Harry Furniss.

The Confessions of a Caricaturist, Vol. 2 online

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[Illustration: AN ARTISTIC JOKE.

_A London Slum. My Parody of the Venetian School._]












_All rights reserved._

December, 1901.




The First Idea - How it was Made - "Fire!" - I am a Somnambulist - My
Workshop - My Business "Partner" - Not by Gainsborough - Lord Leighton - The
Private View - The Catalogue - Sold Out - How the R.A.'s Took It - How a
Critic Took It - Curious Offers - Mr. Sambourne as a Company Promoter - A
One-man Show - _Punch's_ Mistake - A Joke within a Joke - My Offer to the
_pp._ 1 - 25



The Cause of my Cruise - No Work - The Atlantic Greyhound - Irish
Ship - Irish Doctor - Irish Visitors - Queenstown - A
Surprise - Fiddles - Edward Lloyd - Lib - Chess - The Syren - The American
Pilot - Real and Ideal - Red Tape - Bribery - Liberty - The Floating Flower
Show - The Bouquet - A Bath and a Bishop - "Beastly Healthy" - Entertainment
for Shipwrecked Sailors - Passengers - Superstition.

AMERICA IN A HURRY - Harry Columbus Furniss - The Inky Inquisition - First
Impressions - Trilby - Tempting Offers - Kidnapped - Major
Pond - Sarony - Ice - James B. Brown - Fire! - An Explanation.

WASHINGTON - Mr. French of Nowhere - Sold - Interviewed - The Sporting
Editor - Hot Stuff - The Capitol - Congress - House of Representatives - The
Page Boys - The Agent - Filibuster - The "Reccard" - A
Pandemonium - Interviewing the President.

CHICAGO - The Windy City - Blowers - Niagara - Water and Wood - Darkness to
Light - My Vis-à-Vis - Mr. Punch - My Driver - It Grows upon
Me - Inspiration - Harnessing Niagara - The Three Sisters - Incline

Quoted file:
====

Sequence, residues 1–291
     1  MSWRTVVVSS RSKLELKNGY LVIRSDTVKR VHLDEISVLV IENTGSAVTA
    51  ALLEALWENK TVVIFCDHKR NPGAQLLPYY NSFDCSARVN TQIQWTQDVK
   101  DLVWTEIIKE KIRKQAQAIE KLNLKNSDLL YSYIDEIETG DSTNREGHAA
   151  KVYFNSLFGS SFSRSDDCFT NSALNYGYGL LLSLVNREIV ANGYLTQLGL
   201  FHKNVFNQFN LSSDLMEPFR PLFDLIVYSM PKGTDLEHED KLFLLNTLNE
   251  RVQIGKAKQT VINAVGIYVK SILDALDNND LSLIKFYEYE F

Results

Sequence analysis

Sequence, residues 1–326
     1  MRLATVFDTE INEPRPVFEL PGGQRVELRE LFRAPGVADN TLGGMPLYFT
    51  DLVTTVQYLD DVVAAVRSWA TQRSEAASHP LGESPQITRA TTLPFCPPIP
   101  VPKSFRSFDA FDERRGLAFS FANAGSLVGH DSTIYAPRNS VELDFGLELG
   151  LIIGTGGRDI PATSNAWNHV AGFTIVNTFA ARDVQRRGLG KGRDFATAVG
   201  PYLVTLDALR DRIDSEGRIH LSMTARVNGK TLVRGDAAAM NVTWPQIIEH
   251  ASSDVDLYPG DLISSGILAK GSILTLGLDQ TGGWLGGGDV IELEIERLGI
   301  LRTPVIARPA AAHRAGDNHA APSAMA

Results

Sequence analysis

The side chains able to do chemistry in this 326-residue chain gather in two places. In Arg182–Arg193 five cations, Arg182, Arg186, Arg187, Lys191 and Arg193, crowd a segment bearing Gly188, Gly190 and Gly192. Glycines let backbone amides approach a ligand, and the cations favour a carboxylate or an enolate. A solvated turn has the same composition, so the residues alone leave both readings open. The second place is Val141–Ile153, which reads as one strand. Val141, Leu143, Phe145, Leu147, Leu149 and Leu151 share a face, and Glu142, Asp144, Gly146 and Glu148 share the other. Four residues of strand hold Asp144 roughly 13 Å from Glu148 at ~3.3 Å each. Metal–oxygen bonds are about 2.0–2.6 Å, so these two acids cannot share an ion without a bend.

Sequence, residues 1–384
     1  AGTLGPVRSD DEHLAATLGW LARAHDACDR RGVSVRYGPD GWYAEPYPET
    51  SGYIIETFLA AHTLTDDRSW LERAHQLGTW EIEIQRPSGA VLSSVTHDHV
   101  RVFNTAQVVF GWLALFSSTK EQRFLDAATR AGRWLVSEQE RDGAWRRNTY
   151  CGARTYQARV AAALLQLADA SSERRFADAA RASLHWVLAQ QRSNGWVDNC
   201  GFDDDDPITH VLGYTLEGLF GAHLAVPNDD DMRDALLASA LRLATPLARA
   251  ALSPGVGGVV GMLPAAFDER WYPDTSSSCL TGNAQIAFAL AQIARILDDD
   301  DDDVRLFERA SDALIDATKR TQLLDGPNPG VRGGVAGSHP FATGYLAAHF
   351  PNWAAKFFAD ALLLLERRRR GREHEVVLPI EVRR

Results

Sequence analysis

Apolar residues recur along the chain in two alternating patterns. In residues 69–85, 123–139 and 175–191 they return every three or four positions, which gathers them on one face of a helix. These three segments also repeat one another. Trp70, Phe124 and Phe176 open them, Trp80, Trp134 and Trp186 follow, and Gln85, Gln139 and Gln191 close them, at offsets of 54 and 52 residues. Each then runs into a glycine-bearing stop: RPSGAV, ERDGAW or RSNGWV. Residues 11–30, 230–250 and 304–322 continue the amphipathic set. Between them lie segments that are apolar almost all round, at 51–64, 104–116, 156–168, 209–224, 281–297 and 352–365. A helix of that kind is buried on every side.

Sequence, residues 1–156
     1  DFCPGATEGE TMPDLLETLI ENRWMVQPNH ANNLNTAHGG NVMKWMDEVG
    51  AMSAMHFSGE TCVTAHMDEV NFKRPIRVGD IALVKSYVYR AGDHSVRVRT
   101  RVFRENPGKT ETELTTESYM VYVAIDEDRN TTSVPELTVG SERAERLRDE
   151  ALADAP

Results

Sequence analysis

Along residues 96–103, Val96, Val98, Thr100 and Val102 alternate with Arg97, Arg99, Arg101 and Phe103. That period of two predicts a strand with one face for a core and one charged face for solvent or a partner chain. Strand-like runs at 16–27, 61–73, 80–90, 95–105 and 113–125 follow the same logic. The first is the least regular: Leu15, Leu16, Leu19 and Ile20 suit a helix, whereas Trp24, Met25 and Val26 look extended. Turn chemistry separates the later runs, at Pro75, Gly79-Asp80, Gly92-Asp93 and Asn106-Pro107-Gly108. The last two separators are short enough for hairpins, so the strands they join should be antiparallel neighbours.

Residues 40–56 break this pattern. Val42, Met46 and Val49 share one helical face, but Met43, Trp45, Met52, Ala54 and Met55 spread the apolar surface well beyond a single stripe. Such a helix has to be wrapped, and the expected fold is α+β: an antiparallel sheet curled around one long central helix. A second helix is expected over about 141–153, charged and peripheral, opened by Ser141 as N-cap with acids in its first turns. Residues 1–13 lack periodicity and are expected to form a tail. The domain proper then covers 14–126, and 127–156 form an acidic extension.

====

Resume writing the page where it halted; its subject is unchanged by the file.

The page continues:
Railway - Captain Webb.

TRAVELLING - Tickets - Thirst - Sancho Panza - Proclaimed States - "The
Amurrican Gurl" - A Lady Interviewer - The English Girl - A Hair
Restorer - Twelfth Night Club Reception at a Ladies' Club - The Great
Presidential Election - Sound Money _v._ Free Silver - Slumland - Detective

_pp._ 26 - 130



Quarantined - The Receiver-General of Australia - An Australian
Guide-book - A Death Trap - A Death Story - The New Chum - Commercial
Confessions - Mad Melbourne - Hydrophobia - Madness - A Land Boom - A Paper
Panic - Ruin.

SYDNEY - The Confessions of a Legislator - Federation - Patrick Francis

ADELAIDE - Wanted, a Harbour - Wanted, an
Expression - Zoological - Guinea-pigs - Paradise! - Types - Hell Fire
Jack - The Horse - The Wrong Room! _pp._ 131 - 153



Lectures and Lecturers - The Boy's Idea - How to Deliver It - The
Professor - The Actors - My First Platform - Smoke - Cards - On the
Table - Nurses - Some Unrehearsed Effects - Dress - A Struggle with a
Shirt - A Struggle with a Bluebottle - Sir William Harcourt Goes out - My
Lanternists Go Out - Chairmen - The Absent Chairman - The Ideal
Chairman - The Political Chairman - The Ignorant
Chairman - Chestnuts - Misunderstood - Advice to Those about to Lecture - I
am Overworked - "'Arry to Harry." _pp._ 154-189



Portraiture Past and Present - The National Portrait Gallery